Female captains make up just under 3% of cruise ship captains worldwide – but this number is slowly growing. Women now comprise 20% of the industry workforce, with between 5 and 20% of women in officer roles, depending on the cruise line.
Compare this to a hundred years ago, where the only female presence on a ship would be the carved wooden figurehead – and you can see that the industry has come a long way!
In the 19th Century, women were considered bad luck for sailors, with none permitted onboard, and mythical monsters such as mermaids and sirens taking female form to lure sailors to their doom.
Ship Officers traditionally came from Greece, Italy, England and Norway, home to decades of sea-going tradition and world-renowned maritime academies, where women were not allowed until the last quarter-century!
A perfect example of change within the industry can be seen in England, where women weren’t permitted to attend maritime academies until the 80s, but today make up 25% of cruise ship captains in the country.
The first woman appointed captain of a cruise ship was Karin Stahre-Janson of Sweden, who took command of Royal Caribbean’s Monarch of the Seas in 2007.
America’s first cruise ship captain, and the first woman to be in command of a “Mega Ship”, KateMcCue took the helm of Celebrity Equinox in 2015, and will soon take command of Celebrity Edge, a ship designed by women, and overseen by the first female CEO of a cruise company, Lisa Lutoff-Perlo.
Lutoff-Perlo has been a key figure in encouraging women into the industry, forging a partnership with Ghana’s Regional Maritime University to encourage more African women into the maritime industry. Through this program, in 2017 RMU Cadet Nicholine Tifuh Azirh became the first West African woman to work on the bridge of a cruise ship.
Belinda Bennett, the world’s first black female cruise captain, made her maiden voyage with MSY Wind Star in 2016.
In 2020 Serena Milani will be the first woman in the world to captain a new cruise ship at launch with Regent Severn Seas. Melani has spent much of this year working with engineers and designers in Italy’s Ancona Shipyard, helping to bring the final shape to the Seven Seas Splendor before it embarks on its maiden voyage.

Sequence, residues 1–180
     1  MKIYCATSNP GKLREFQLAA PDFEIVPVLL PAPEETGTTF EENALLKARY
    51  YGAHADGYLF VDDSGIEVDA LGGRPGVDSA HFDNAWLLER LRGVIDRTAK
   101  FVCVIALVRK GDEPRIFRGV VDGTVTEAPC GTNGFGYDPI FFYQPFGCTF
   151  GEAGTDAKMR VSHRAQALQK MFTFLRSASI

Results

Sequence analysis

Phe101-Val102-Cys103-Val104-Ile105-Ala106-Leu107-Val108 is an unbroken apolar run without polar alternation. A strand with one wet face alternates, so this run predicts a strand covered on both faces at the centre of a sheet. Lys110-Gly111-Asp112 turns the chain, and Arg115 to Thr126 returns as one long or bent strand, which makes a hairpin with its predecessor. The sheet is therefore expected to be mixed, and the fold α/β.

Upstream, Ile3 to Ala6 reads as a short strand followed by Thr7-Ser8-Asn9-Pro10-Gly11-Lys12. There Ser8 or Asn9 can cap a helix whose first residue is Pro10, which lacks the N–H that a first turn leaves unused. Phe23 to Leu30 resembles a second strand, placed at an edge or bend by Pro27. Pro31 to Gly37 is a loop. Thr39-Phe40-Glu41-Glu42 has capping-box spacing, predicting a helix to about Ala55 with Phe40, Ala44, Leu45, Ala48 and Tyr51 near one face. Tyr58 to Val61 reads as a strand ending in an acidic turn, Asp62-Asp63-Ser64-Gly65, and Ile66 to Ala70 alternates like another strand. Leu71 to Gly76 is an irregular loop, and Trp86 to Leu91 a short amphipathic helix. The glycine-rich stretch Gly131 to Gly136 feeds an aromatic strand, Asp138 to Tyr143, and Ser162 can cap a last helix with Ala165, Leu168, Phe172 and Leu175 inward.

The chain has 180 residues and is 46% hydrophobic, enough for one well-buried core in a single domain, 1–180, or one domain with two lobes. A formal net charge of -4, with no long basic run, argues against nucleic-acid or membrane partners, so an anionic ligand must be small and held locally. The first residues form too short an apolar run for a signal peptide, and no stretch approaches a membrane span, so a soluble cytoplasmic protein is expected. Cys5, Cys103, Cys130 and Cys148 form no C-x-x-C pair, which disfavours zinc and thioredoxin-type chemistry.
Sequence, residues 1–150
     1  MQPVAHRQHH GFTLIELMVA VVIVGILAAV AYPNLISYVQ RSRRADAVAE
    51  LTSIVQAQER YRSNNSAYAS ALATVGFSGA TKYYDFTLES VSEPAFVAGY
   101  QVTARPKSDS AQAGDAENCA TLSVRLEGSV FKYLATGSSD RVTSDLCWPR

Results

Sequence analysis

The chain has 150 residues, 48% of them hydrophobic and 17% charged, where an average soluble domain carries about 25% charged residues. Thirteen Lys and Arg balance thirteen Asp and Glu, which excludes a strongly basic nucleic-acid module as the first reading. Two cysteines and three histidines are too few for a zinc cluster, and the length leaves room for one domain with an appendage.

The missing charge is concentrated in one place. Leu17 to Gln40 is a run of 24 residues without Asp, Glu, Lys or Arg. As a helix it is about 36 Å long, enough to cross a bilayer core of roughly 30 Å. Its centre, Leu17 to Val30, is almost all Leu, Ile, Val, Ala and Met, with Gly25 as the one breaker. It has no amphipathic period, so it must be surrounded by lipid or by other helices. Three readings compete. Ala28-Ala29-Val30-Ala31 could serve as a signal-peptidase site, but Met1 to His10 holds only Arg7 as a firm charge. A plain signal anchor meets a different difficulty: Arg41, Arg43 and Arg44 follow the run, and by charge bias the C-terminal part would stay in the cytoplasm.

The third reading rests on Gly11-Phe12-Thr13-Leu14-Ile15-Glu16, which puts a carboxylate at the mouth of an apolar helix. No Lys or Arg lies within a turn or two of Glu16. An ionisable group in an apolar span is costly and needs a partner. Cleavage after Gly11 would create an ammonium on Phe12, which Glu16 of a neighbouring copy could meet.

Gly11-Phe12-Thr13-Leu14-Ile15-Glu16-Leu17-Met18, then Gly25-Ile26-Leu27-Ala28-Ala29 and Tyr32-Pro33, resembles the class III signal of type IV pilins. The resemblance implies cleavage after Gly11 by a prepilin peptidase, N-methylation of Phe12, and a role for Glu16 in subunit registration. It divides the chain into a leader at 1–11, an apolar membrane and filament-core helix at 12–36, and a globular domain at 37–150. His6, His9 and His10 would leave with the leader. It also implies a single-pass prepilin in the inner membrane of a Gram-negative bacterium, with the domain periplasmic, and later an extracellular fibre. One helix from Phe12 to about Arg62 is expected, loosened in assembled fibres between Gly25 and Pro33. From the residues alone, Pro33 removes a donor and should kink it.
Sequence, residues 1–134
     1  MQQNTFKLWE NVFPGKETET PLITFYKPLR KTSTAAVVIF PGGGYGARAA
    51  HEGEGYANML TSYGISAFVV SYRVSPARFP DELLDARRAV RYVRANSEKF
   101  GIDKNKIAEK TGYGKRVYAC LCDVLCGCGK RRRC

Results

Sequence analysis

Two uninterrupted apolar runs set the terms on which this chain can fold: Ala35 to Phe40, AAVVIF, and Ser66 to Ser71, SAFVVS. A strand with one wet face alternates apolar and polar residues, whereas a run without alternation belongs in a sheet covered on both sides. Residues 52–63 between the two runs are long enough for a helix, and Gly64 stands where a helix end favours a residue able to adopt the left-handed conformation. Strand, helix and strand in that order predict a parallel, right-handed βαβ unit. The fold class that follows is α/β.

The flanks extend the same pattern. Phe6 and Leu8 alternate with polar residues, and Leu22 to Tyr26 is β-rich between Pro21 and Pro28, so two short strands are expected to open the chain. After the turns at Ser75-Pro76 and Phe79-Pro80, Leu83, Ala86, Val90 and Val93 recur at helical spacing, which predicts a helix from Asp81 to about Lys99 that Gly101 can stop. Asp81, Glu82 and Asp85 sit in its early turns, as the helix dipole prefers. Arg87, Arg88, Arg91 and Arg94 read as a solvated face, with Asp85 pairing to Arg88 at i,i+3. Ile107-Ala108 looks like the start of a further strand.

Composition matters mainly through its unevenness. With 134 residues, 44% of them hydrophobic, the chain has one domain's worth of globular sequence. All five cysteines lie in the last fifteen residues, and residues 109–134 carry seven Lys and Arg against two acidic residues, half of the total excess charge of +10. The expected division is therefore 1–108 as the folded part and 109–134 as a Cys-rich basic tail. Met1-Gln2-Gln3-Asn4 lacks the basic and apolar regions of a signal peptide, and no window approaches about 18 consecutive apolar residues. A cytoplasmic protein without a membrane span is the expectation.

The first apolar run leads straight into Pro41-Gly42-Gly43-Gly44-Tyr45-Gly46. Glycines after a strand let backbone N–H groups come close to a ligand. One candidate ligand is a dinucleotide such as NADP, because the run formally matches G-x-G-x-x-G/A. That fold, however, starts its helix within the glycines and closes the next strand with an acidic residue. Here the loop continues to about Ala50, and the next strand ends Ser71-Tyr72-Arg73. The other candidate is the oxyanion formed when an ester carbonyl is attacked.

Virgin Voyages is actively recruiting women to the bridge of their first ship Scarlet Lady, due to begin sailing in 2020. Their Scarlet Squad has been formed with the intention of growing leadership roles in the marine, technical and hotel management roles on board.
While these history-making women have made amazing achievements, they didn’t walk straight from the academy classroom and onto the bridge. The process of encouraging women to become captains starts with encouraging women to join the industry, and giving them the opportunities to work their way up to captaincy.
Women Offshore, fosters and supports female interest in maritime professions, providing resources and sharing opportunities for women who work on the water. The organisation also offers virtual peer-to-peer mentor-ships, where women within the industry can encourage and support one another.
Many bodies in the industry are committed to encouraging the employment of more women captains; the IMO focussed this year’s World Maritime Day on “Empowering Women in the Maritime Community”, and its Women In Maritime programme, is still going strong after 30 years encouraging women into the industry.
Obstacles to Overcome
While positive change is being made, there are still many obstacles to women entering the industry, and awareness is a major factor. Many women still have the view that the marine industry is a “men’s world” and not a welcoming place for them. Some countries still don’t accept women in maritime colleges, and others only offer shorter, less intense courses for female students.
It’s also worth recognising that the cruise industry has made the greatest gender equality improvements in the marine sector. As of 2017, 94% of all female sea-farers were employed in the cruise industry. So while the cruise sector is improving, other areas of the marine industry have a long way to go.
Looking to the Future
Of the 1.25 million sea-farers worldwide, women makeup just 2% – showing us there’s still plenty of room for growth in the cruise sector, and in the maritime industry as a whole. With certain areas of the industry facing potential labour shortages, and an estimated 147,500 officers needed by 2025, encouraging young women to join the maritime sector will alleviate this strain.
More and more companies are being urged to make commitments to employ more women; Maritime UK is encouraging companies to sign their pledge to “commit to building an employment culture that actively supports and celebrates gender diversity”, and has thus far successfully gained BP Shipping, Hapag-Lloyd (UK) and Stena Line UK as signatories.
Although the industry has a long way to go to redress the gender imbalance, bold steps are being made towards a future where women make up more and more members of a ship’s crew.Return